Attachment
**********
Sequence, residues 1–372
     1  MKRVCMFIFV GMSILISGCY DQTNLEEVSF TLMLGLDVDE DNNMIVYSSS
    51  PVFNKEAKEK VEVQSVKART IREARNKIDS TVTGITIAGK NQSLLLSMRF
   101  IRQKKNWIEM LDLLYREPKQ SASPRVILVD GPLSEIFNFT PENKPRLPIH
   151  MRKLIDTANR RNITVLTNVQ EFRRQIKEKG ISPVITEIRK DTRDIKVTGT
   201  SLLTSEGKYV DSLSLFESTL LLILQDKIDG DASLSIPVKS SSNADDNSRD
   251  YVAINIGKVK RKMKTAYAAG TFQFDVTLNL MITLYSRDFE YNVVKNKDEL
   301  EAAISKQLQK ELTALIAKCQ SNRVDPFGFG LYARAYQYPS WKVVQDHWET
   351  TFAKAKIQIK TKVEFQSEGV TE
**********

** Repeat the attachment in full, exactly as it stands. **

Sequence, residues 1–372
     1  MKRVCMFIFV GMSILISGCY DQTNLEEVSF TLMLGLDVDE DNNMIVYSSS
    51  PVFNKEAKEK VEVQSVKART IREARNKIDS TVTGITIAGK NQSLLLSMRF
   101  IRQKKNWIEM LDLLYREPKQ SASPRVILVD GPLSEIFNFT PENKPRLPIH
   151  MRKLIDTANR RNITVLTNVQ EFRRQIKEKG ISPVITEIRK DTRDIKVTGT
   201  SLLTSEGKYV DSLSLFESTL LLILQDKIDG DASLSIPVKS SSNADDNSRD
   251  YVAINIGKVK RKMKTAYAAG TFQFDVTLNL MITLYSRDFE YNVVKNKDEL
   301  EAAISKQLQK ELTALIAKCQ SNRVDPFGFG LYARAYQYPS WKVVQDHWET
   351  TFAKAKIQIK TKVEFQSEGV TE